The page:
Computer breakdown sows chaos across US air travel system
A system used for air travel broke down late Tuesday, leading to all planes being grounded for some time.LEARN MORE
Most airports in the U.S. held planes at the gate for about two hours on the morning of Jan. 11 while the situation was resolved.
The Federal Aviation Administration believes it knows what caused a computer outage that forced flights to remain grounded last week.
The agency says a preliminary review determined that "contract personnel unintentionally deleted files while working to correct synchronization between the live primary database and a backup database."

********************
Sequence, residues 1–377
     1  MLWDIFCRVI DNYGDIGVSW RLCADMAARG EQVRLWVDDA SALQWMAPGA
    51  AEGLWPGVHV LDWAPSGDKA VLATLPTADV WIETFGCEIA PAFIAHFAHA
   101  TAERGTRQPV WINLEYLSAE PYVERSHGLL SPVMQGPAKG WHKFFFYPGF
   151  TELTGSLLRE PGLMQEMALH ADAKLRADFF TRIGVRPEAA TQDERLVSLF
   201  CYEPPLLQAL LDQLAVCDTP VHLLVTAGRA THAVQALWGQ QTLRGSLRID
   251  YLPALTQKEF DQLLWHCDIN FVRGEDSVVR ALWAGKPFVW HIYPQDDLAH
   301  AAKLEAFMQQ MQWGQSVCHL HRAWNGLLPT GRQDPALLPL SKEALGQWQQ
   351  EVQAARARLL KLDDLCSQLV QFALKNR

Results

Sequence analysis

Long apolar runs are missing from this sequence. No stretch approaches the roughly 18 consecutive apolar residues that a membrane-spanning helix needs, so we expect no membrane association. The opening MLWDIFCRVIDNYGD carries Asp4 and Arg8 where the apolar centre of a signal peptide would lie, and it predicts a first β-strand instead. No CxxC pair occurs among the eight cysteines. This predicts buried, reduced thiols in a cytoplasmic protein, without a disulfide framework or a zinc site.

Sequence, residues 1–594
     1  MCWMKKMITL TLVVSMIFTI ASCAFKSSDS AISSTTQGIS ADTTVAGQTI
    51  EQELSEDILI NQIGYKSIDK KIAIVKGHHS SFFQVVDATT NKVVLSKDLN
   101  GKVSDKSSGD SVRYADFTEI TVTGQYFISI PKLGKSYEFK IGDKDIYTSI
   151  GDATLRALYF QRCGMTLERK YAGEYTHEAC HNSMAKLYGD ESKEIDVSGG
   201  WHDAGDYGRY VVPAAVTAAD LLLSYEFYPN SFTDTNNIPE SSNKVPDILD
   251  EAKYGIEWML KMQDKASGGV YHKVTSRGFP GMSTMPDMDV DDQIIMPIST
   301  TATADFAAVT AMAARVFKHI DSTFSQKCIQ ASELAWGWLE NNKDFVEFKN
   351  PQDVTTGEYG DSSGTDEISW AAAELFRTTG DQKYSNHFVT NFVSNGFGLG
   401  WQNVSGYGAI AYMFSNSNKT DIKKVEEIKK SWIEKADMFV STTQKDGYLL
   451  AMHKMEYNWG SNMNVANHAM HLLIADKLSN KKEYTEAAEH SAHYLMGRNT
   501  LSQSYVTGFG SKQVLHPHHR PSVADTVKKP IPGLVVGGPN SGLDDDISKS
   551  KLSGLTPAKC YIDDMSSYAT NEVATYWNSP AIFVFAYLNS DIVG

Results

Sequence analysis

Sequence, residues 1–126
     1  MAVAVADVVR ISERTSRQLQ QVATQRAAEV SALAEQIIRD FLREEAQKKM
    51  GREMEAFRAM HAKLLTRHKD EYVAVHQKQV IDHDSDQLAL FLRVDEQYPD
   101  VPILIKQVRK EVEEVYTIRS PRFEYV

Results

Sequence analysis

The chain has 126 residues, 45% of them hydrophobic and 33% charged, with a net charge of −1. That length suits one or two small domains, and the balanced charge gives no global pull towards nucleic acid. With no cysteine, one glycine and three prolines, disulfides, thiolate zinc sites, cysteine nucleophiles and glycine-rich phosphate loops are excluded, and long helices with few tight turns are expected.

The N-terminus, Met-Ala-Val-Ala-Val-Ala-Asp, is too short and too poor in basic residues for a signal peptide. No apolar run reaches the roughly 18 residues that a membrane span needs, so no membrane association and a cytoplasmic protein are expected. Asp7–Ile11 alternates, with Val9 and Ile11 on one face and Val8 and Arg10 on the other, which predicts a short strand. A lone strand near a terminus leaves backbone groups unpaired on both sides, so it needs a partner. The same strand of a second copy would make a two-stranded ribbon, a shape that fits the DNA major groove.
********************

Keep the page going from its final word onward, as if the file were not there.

The FAA adds that it has found no evidence of a cyberattack or malicious intent.
Most airports in the U.S. held planes at the gate for about two hours on the morning of Jan. 11 while the situation was resolved. Planes were still allowed to land.
The impacted system is known as the Notice to Air Missions System.
NOTAMs used to be available through a hotline but that was phased out with the internet. The alerts span from mundane information about construction at airports to urgent flight restrictions or broken equipment.
All aircraft must route through the system, including commercial and military flights.
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Projects include track upgrades and bridge repairs, improving connectivity among railways, and making routes less vulnerable to extreme weather.
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